Los Angeles the City of Los Angeles and known by its initials L. A. is the most populous city in California, the second most populous city in the United States, after New York City, the third most populous city in North America. With an estimated population of four million, Los Angeles is the cultural and commercial center of Southern California; the city is known for its Mediterranean climate, ethnic diversity and the entertainment industry, its sprawling metropolis. Los Angeles is the largest city on the West Coast of North America. Los Angeles is in a large basin bounded by the Pacific Ocean on one side and by mountains as high as 10,000 feet on the other; the city proper, which covers about 469 square miles, is the seat of Los Angeles County, the most populated county in the country. Los Angeles is the principal city of the Los Angeles metropolitan area, the second largest in the United States after that of New York City, with a population of 13.1 million. It is part of the Los Angeles-Long Beach combined statistical area the nation's second most populous area with a 2015 estimated population of 18.7 million.
Los Angeles is one of the most substantial economic engines within the United States, with a diverse economy in a broad range of professional and cultural fields. Los Angeles is famous as the home of Hollywood, a major center of the world entertainment industry. A global city, it has been ranked 6th in the Global Cities Index and 9th in the Global Economic Power Index; the Los Angeles metropolitan area has a gross metropolitan product of $1.044 trillion, making it the third-largest in the world, after the Tokyo and New York metropolitan areas. Los Angeles hosted the 1932 and 1984 Summer Olympics and will host the event for a third time in 2028; the city hosted the Miss Universe pageant twice, in 1990 and 2006, was one of 9 American cities to host the 1994 FIFA men's soccer World Cup and one of 8 to host the 1999 FIFA women's soccer World Cup, hosting the final match for both tournaments. Home to the Chumash and Tongva, Los Angeles was claimed by Juan Rodríguez Cabrillo for Spain in 1542 along with the rest of what would become Alta California.
The city was founded on September 4, 1781, by Spanish governor Felipe de Neve. It became a part of Mexico in 1821 following the Mexican War of Independence. In 1848, at the end of the Mexican–American War, Los Angeles and the rest of California were purchased as part of the Treaty of Guadalupe Hidalgo, becoming part of the United States. Los Angeles was incorporated as a municipality on April 4, 1850, five months before California achieved statehood; the discovery of oil in the 1890s brought rapid growth to the city. The completion of the Los Angeles Aqueduct in 1913, delivering water from Eastern California assured the city's continued rapid growth; the Los Angeles coastal area was settled by the Chumash tribes. A Gabrieleño settlement in the area was called iyáangẚ, meaning "poison oak place". Maritime explorer Juan Rodríguez Cabrillo claimed the area of southern California for the Spanish Empire in 1542 while on an official military exploring expedition moving north along the Pacific coast from earlier colonizing bases of New Spain in Central and South America.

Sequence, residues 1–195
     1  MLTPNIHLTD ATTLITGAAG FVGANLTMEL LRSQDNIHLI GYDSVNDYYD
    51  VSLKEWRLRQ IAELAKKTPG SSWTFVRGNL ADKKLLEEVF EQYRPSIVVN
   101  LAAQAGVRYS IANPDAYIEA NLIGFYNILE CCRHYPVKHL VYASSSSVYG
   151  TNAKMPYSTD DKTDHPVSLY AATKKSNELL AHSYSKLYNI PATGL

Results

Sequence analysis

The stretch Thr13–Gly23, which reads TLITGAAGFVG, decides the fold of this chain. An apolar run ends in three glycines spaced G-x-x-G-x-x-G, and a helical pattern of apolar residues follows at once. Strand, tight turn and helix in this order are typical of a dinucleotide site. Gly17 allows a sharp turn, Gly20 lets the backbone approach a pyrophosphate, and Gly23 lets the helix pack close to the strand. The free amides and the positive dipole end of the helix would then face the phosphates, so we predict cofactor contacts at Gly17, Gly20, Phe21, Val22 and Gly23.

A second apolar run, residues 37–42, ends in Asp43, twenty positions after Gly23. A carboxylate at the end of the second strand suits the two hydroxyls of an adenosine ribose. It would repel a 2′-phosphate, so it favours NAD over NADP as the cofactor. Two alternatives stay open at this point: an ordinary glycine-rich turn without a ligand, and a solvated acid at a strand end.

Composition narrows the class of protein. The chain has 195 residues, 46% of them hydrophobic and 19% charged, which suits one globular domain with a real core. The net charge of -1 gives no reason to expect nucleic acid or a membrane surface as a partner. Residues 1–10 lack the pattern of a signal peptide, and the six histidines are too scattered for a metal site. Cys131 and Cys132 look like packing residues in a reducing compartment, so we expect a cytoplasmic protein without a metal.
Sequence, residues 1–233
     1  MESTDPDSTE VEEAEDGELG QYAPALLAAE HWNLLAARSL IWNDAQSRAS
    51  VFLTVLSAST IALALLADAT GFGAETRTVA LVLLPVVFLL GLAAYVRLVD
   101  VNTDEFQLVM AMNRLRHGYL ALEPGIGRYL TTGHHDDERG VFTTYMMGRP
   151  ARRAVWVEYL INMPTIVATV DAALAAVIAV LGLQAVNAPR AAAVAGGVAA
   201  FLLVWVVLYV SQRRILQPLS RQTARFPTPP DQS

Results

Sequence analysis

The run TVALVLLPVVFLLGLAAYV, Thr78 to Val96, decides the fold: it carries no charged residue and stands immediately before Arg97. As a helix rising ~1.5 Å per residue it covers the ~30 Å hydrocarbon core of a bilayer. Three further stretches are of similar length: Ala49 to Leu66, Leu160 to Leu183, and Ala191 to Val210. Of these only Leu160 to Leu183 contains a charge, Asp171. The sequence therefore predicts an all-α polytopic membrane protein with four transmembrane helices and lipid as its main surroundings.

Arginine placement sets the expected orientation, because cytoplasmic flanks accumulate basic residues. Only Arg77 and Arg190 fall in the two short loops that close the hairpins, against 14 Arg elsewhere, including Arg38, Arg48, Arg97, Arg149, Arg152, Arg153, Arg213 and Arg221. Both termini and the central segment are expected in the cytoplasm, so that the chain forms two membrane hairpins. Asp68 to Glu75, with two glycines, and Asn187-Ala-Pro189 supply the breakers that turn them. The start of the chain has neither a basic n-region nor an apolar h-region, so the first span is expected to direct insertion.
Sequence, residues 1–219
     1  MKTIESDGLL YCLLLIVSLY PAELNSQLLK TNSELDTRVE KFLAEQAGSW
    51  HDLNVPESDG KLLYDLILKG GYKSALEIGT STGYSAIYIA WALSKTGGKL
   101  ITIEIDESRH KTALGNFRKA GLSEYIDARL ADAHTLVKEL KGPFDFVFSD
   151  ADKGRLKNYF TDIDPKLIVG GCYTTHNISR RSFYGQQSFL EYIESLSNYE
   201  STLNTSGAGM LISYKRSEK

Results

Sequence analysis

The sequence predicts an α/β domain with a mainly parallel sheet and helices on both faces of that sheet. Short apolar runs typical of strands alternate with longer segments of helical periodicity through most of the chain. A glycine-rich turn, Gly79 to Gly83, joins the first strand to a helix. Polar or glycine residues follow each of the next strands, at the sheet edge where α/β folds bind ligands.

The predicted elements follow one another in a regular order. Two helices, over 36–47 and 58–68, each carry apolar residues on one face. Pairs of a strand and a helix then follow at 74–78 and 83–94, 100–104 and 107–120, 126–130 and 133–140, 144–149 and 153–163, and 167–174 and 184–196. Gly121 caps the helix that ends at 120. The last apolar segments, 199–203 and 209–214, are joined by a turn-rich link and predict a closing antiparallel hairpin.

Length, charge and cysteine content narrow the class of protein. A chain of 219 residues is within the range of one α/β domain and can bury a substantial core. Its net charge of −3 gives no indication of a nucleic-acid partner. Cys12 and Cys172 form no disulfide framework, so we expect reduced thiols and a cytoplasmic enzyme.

Gaspar de Portolà and Franciscan missionary Juan Crespí, reached the present site of Los Angeles on August 2, 1769. In 1771, Franciscan friar Junípero Serra directed the building of the Mission San Gabriel Arcángel, the first mission in the area. On September 4, 1781, a group of forty-four settlers known as "Los Pobladores" founded the pueblo they called El Pueblo de Nuestra Señora la Reina de los Ángeles,'The Town of Our Lady the Queen of the Angels'; the present-day city has the largest Roman Catholic Archdiocese in the United States. Two-thirds of the Mexican or settlers were mestizo or mulatto, a mixture of African and European ancestry; the settlement remained a small ranch town for decades, but by 1820, the population had increased to about 650 residents. Today, the pueblo is commemorated in the historic district of Los Angeles Pueblo Plaza and Olvera Street, the oldest part of Los Angeles. New Spain achieved its independence from the Spanish Empire in 1821, the pueblo continued as a part of Mexico.
During Mexican rule, Governor Pío Pico made Los Angeles Alta California's regional capital. Mexican rule ended during the Mexican–American War: Americans took control from the Californios after a series of battles, culminating with the signing of the Treaty of Cahuenga on January 13, 1847. Railroads arrived with the completion of the transcontinental Southern Pacific line to Los Angeles in 1876 and the Santa Fe Railroad in 1885. Petroleum was discovered in the city and surrounding area in 1892, by 1923, the discoveries had helped California become the country's largest oil producer, accounting for about one-quarter of the world's petroleum output. By 1900, the population had grown to more than 102,000; the completion of the Los Angeles Aqueduct in 1913, under the supervision of William Mulholland, assured the continued growth of the city. Due to clauses in the city's charter that prevented the City of Los Angeles from selling or providing water from the aqueduct to any area outside its borders, many adjacent city and communities became compelled to annex themselves into Los Angeles.
Los Angeles created the first municipal zoning ordinance in the United States. On September 14, 1908, the Los Angeles City Council promulgated residential and industrial land use zones; the new ordinance established three residential zones of a single type, where industrial uses were
Water speed record